Ras K’Dee

It’s important to understand where you live. There is indigenous culture from where you are. If you live in San Francisco, learn about the Ohlone people. They are the true natives of this land. Learn about their traditions and their culture. Learn about what this used to look like before it became covered with concrete. Think about that when you’re walking down the concrete street. This used to be a rich marshland, a bird paradise where millions of birds used to flock. San Francisco has a lot of history. We have rich histories. If we look at the indigenous communities that lived here and still live here, we could learn some of the ways in which they maintained their survival for hundreds of years.

Don’t let them tell you that humans and the earth are separate. We’re all connected to the stars. Even scientists are telling us that we come from stardust. The earth was made from stardust. We’re a reflection of what’s happening celestially in the universe. In Native American culture I was taught that a meteor landed between two mountains. In that meteor was our DNA in the form of a spider, and the spider came and wove everything that we see in her web. That’s what it is. We are all connected. That’s the truth. Go out with your friends, stand on the hill and move around, and you’ll see the stars shift. I’ve done it with youth. Whatever we do in the world is reflected in the heavens. So what we do and say right now has power. We are the power.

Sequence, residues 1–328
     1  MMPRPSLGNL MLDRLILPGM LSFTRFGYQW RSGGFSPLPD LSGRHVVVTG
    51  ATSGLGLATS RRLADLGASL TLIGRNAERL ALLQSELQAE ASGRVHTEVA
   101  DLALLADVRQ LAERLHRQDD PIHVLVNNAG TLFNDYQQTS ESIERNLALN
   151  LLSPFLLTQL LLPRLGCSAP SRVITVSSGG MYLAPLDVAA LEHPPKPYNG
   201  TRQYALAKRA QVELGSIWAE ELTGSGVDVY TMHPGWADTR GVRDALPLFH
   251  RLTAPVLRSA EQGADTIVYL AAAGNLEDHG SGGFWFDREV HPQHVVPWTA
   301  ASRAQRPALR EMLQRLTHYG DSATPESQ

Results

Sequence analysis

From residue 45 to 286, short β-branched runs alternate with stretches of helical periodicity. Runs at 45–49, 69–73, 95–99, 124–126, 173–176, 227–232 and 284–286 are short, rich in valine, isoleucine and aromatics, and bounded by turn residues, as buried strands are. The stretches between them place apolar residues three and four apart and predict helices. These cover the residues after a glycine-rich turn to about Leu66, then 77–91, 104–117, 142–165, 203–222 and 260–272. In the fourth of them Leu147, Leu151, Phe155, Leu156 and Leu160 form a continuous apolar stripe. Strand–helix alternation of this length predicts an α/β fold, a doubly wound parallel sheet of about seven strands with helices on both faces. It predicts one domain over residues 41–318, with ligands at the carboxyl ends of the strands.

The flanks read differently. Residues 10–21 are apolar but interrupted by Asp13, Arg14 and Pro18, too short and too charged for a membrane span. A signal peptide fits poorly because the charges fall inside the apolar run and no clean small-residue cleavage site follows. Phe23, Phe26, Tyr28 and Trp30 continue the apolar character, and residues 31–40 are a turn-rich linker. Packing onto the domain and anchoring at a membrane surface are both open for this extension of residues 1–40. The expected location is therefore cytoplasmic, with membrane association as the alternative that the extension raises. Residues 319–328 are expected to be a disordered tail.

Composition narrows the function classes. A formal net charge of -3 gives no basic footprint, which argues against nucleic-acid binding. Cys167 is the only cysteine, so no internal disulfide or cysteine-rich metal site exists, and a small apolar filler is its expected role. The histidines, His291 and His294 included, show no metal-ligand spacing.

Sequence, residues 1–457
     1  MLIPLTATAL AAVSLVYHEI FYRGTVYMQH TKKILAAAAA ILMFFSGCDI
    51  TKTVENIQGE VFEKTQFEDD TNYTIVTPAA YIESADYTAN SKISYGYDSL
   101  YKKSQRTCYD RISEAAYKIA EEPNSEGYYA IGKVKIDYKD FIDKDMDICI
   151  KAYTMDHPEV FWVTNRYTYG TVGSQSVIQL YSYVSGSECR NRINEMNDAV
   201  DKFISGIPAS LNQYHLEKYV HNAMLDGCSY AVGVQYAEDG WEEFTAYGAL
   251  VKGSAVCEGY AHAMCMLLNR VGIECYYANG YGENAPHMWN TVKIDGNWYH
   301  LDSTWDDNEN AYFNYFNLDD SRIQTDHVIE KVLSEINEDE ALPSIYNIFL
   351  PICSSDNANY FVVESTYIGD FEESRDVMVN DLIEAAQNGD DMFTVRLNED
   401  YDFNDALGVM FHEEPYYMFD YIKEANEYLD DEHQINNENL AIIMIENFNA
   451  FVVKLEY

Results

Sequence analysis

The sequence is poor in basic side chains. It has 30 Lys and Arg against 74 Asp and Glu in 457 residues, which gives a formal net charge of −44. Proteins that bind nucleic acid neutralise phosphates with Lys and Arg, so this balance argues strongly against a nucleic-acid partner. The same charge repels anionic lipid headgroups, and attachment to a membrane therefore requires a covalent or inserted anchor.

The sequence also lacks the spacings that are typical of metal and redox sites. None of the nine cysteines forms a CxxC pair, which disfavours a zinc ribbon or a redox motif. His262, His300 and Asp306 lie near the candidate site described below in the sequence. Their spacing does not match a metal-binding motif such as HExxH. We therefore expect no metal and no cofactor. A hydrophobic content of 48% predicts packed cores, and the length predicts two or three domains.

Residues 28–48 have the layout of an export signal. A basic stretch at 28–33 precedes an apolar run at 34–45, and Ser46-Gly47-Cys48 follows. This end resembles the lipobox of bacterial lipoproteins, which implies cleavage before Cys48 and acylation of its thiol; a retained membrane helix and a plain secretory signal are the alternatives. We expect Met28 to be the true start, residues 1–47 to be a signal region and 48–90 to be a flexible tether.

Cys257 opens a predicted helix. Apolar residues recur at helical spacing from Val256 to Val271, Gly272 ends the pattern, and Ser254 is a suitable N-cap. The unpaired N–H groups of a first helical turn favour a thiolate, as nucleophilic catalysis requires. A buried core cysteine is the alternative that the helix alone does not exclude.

I feel really blessed to be born into this legacy of black brilliance that across the board is one of the most appreciated in the arts, whether it comes down to visual arts, with Michel Basquiat, or music, with soul, funk, blues, reggae and hip-hop. Those are black arts. That’s black brilliance and black love being perpetuated into the universe. Those art forms are going to be listened to 36,000 years from now. That makes us immortal. So we are immortal through our art, our love, and through our conversations.

Ras K’Dee
Musician, Youth Worker, Audiopharmacy Producer & Seventh Native American Generation